Letters From the West

Hoku plant shutdown is no empty promise

Hoku Materials polysilicon manufacturing plant in Pocatello. (Hoku Materials Photo)

Hoku Materials polysilicon manufacturing plant in Pocatello. (Hoku Materials Photo)

No one is happy when a brand new $700 million manufacturing plant stands idle in Idaho.

The Idaho State Journal reported the news that Hoku Materials had laid off its last engineer and had given up plans to seek a joint venture for the Pocatello plant that made polysilicon for solar panels. It headline expressed the basic view: “Hoku proves an empty promise.”

The Hawaii-based company now largely Chinese-owned was envisioned at a time there was a shortage of polysilicon and a huge rising demand in solar panels But former Hoku CEO Dustin Shinto and his associates weren’t the only people with that vision and by the time the plant came on line there was a glut of silicon and the solar industry was in the middle of a trade war.

Hoku could not recover even with generous Chinese financing. The same happened to Transform Solar, a joint venture between Micron Technology and Australian energy services company Origin.

Transform completed a solar panel plant in an old Micron manufacturing facility in Nampa, only to be forced to give up because of the oversupply of solar panels from a world industry where many visionaries had the same vision at the same time.

But empty promise?

Yes, there won’t be up to 250 people working at the new manufacturing facility in Pocatello nor 250 people building solar panels in Nampa.

But because of the wisdom of Pocatello community leaders and Idaho Power, Hoku’s failure is not a huge burden on the state. The Bannock Development Corp. and city leaders decided not to bond the $20-40 million Hoku needed as a part of its initial financing.

“Since they were a start up company we said we can’t afford to take that risk,” said Gynii Gilliam, then the Bannock Development Corp. executive director.

Gilliam, now with the Idaho Department of Commerce is hopeful someone will buy the plant whole and pick up where Hoku left off. But even if the plant is dismantled in bankruptcy court– a fate I still think is unlikely– The $900,000 Pocatello paid for the 67-acre site with a 100 megawatt substation paid for by Hoku, not Idaho Power will remain even more ready for another factory.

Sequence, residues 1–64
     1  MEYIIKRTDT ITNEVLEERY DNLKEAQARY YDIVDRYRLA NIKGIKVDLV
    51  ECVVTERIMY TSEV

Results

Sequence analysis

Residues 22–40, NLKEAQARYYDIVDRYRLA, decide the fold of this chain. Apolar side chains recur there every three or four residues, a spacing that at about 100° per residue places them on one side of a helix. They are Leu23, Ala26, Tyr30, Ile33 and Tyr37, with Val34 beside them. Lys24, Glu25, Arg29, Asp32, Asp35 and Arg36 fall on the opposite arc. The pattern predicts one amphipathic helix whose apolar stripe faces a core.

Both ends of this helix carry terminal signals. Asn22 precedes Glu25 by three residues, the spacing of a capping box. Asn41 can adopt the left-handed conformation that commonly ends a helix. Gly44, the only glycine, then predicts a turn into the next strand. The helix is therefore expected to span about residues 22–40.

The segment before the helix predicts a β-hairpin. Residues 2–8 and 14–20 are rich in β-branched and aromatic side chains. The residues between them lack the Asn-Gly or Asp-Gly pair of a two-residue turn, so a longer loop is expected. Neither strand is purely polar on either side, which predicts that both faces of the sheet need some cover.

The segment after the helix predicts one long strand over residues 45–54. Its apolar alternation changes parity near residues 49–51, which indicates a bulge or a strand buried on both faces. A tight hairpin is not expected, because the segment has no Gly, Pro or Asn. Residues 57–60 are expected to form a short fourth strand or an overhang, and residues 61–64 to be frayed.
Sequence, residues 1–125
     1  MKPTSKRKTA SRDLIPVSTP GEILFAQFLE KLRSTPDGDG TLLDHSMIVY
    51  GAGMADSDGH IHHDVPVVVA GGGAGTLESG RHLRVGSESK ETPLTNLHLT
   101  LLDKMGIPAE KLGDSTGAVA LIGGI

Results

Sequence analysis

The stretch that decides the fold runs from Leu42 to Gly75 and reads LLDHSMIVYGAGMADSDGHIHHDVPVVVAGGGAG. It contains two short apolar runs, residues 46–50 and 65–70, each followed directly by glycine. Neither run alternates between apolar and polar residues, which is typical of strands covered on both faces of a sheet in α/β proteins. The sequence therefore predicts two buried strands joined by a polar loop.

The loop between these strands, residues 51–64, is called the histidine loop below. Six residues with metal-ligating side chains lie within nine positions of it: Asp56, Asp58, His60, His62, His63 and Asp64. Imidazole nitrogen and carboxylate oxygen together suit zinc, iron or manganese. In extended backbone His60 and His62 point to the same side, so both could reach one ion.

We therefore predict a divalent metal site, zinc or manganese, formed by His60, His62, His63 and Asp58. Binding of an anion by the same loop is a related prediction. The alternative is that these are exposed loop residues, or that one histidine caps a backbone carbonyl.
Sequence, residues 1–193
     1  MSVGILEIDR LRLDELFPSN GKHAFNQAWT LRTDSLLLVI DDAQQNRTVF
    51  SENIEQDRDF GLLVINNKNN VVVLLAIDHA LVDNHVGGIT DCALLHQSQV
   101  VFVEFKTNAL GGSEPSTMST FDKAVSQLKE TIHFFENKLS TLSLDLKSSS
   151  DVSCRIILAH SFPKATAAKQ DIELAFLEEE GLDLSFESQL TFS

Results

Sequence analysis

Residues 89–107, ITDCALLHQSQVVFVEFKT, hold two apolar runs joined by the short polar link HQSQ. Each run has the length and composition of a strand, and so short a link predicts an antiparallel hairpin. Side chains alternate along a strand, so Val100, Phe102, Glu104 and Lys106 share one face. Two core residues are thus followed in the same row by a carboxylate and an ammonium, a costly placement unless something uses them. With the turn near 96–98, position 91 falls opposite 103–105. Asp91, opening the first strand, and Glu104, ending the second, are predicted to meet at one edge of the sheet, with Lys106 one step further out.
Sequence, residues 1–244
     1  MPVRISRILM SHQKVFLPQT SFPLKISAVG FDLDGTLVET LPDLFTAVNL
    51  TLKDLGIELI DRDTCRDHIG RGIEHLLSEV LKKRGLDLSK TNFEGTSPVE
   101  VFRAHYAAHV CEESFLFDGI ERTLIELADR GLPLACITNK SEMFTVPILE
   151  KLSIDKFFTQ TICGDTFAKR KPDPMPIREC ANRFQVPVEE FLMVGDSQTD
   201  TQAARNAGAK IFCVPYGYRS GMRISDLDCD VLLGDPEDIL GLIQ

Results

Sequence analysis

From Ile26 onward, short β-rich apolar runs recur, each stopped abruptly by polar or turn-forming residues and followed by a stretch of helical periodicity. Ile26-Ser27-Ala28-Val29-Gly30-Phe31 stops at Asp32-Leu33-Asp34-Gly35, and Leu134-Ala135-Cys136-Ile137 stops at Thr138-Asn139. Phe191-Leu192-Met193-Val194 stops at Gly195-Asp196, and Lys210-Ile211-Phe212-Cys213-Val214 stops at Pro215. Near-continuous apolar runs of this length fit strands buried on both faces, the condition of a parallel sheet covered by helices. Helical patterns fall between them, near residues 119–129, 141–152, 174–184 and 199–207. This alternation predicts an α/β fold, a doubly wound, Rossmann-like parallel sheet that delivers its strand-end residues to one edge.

The same is true for Micron’s Transform Solar site in Nampa. At the time of its closing last year there were reports about the $1.68 million in job training that wouldn’t be paid back.

But those workers now have the training for similar work. And think about all the construction jobs that were created and all of the investment brought into Idaho for both facilities. They came at a time when the economy was really short and construction workers really needed work.

There are no promises in economic development, especially with start-up companies at all levels. The state-of-the-art plant in Pocatello may be bought dimes on the dollar and kept together to give its investors at least some pay back.

That would make the plant very competitive for its next owners.

Rocky Barker is the energy and environment reporter for the Idaho Statesman and has been writing about the West since 1985. He is the author of Scorched Earth How the Fires of Yellowstone Changed America and co-producer of the movie Firestorm: Last Stand at Yellowstone, which was inspired by the book and broadcast on A&E Network. He also co-authored the Flyfisher's Guide to Idaho and the Wingshooter's Guide to Idaho with Ken Retallic. He also was on the Statesman’s team that covered the Sen. Larry Craig sex scandal, which was one of three Pulitzer Prize finalists in breaking news in 2007. The National Wildlife Federation awarded him its Conservation Achievement Award.

Posted in Letters from the West